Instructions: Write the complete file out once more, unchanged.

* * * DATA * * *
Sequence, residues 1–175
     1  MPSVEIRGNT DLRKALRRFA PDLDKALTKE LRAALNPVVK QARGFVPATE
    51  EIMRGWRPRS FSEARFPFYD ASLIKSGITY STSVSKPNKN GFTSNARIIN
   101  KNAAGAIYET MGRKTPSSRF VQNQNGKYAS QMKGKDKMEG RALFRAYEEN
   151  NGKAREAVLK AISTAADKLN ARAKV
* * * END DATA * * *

Sequence, residues 1–175
     1  MPSVEIRGNT DLRKALRRFA PDLDKALTKE LRAALNPVVK QARGFVPATE
    51  EIMRGWRPRS FSEARFPFYD ASLIKSGITY STSVSKPNKN GFTSNARIIN
   101  KNAAGAIYET MGRKTPSSRF VQNQNGKYAS QMKGKDKMEG RALFRAYEEN
   151  NGKAREAVLK AISTAADKLN ARAKV